Pipeline Anxiety Spurs Alaska Plea for Obama to Open SpigotsBy
An 800-mile economic lifeline for state `two-thirds empty'
U.S. actions threaten ability to keep it open, supporters say
Alaska Governor Bill Walker has a message for President Barack Obama: Fill the Trans-Alaska Pipeline System while you still can.
The U.S. agreed earlier this month to allow Royal Dutch Shell Plc to resume Arctic oil exploration, yet state officials say it may not be enough to save the 800-mile (1,300-kilometer) pipeline, Alaska’s economic lifeline for the past 40 years. Efforts to limit drilling and dwindling volumes on the line may eventually make it difficult to move crude at all.
“We have an oil pipeline that’s two-thirds empty,” Walker, a Republican-turned-independent, said in a telephone interview from Anchorage. “It’s easy for people to predict what will or won’t happen, but as governor I can’t take that chance. Right now, about 75 percent of our revenue comes from that oil pipeline.”
Spanning mountains, rivers and caribou ranges, the Trans-Alaska Pipeline -- the world’s largest private-construction project when built for $8 billion in the 1970s -- symbolizes the paradox of an energy- and wilderness-rich state. Obama visits Alaska this week for an Arctic perspective on climate change.
“The actions of this administration seem destined to shut down our Trans-Alaska Pipeline,” Lisa Murkowski, an Alaska Republican and the Senate Energy and Natural Resources Committee chairwoman, said in February after the Interior Department announced plans to restrict drilling in the Arctic National Wildlife Refuge and curb development in federal Arctic waters.
Spell the End
A halt in pipeline operations “would spell the end of oil on the North Slope for a very long time,” Gunnar Knapp, an economics professor at the University of Alaska in Anchorage, said in a phone interview. He referred to the region in northeast Alaska where most of the state’s oil originates.
The U.S. risks being “short of resources” by the 2020s and 2030s if it doesn’t develop its Arctic oil fields, said John Hofmeister, former president of Shell’s U.S. operations, in an interview on Bloomberg Television today.
Environmental groups say they’re not buying the doom-and-gloom scenario for the pipeline, known by its acronym, TAPS.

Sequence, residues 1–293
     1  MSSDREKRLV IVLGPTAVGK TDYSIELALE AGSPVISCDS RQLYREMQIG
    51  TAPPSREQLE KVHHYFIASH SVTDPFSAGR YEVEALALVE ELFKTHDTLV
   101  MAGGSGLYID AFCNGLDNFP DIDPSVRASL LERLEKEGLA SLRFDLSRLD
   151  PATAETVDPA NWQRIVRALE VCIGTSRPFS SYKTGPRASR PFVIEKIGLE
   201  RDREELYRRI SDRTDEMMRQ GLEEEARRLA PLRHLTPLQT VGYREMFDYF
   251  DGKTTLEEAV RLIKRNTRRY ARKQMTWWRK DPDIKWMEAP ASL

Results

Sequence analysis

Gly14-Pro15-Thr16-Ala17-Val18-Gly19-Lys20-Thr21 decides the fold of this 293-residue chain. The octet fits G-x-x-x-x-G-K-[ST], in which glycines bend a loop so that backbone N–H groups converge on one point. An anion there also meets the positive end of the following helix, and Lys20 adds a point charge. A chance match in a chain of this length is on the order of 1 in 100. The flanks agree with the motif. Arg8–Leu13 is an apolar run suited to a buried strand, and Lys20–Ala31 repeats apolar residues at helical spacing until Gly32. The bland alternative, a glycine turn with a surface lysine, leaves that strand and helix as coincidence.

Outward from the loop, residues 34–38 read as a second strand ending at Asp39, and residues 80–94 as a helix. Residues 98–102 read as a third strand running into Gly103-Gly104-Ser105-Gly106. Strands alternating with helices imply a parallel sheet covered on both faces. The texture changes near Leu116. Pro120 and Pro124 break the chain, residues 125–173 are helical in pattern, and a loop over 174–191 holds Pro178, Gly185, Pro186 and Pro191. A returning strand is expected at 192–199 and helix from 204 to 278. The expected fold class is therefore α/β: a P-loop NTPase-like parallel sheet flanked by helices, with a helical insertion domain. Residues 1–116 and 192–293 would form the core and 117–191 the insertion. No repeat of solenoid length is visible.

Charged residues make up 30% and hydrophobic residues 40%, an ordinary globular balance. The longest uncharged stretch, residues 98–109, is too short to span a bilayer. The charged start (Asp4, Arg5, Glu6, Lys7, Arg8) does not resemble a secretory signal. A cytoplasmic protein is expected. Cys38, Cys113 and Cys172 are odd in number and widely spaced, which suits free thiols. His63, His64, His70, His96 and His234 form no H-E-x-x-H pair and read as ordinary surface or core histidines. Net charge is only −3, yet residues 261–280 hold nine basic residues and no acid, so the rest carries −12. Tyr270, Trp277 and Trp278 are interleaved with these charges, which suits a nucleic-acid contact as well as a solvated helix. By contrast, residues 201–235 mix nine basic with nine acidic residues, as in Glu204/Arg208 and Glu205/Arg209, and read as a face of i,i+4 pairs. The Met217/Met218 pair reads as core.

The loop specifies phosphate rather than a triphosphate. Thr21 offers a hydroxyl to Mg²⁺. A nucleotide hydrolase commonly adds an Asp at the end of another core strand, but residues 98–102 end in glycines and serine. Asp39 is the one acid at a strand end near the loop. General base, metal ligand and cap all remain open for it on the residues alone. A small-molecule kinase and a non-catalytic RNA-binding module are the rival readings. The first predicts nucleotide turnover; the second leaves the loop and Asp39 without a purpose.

“There’s always a sky-is-falling mentality associated with TAPS,” Lois Epstein, Arctic program director in Anchorage for The Wilderness Society, said in a telephone interview. “We don’t need these new oil reserves to keep the pipeline going for many decades.”
In his Aug. 29 weekly video address, Obama said he realizes that the U.S. economy will rely on oil and gas as it transitions to other forms of energy. At the same time, he said his administration will allow Arctic oil exploration at only the “highest safety standards possible.”
“I share people’s concerns about offshore drilling,” he said.
Shell has said its newly approved Arctic wells may not begin production for at least another decade. Alaska has about 38 billion barrels of technically recoverable crude reserves, according to data from the Energy Information Administration, the U.S. Energy Department’s statistical arm.
“The pipeline is not shutting down any time soon,” Pamela Miller, head of research firm Arctic Connections in Fairbanks, Alaska, said by phone. TAPS can run “for another 30 to 50 more years without opening up special areas.”
Volume on the pipeline, which funnels crude to Valdez in the south from Prudhoe Bay in the north, has declined with North Slope oil production during the past three decades. Flows are dropping about 5 percent a year and slid to 513,441 barrels a day in 2014 from a peak of 2 million in 1988, according to operator Anchorage-based Alyeska Pipeline Service Co.
Alaska in April projected North Slope crude production would tumble to about 320,000 barrels a day by 2024.
A drop below 300,000 barrels a day would likely trigger a “fundamental change” in operations, including smaller-batch shipments and additional pump stations to keep the line running, Alyeska President Thomas Barrett said by phone.
Associated costs are unknown, though they depend on factors such as fuel prices and the rate at which the oil flows, Katie Pesznecker, an Alyeska spokeswoman, said in an e-mail. Alyeska is already using heat to prevent freezing and water pooling in the line and small devices called “pigs” to remove wax that can build up when volumes are low, Barrett said.
“It’s not like there’s some shutoff point, some magic flowthrough,” the University of Alaska’s Knapp said. “The smaller the flowthrough, the higher the cost.”
Three major oil companies -- BP Plc, ConocoPhillips and Exxon Mobil Corp. -- mostly fund Alyeska, and Chevron Corp.’s Unocal unit has a 1.4 percent stake.
“It is difficult to forecast when it will no longer be feasible to operate the pipeline” because that depends on variable factors including taxes and the price of oil, Andrea Urbanek, a ConocoPhillips spokeswoman, said by e-mail.
Spokesmen for BP and Exxon Mobil said they are working to encourage more North Slope resources to increase pipeline flows. Erika Conner, a Chevron spokeswoman, declined to comment.
“I think that he’ll have a better appreciation when he’s up here, kind of what the need is in Alaska,” Governor Walker said.
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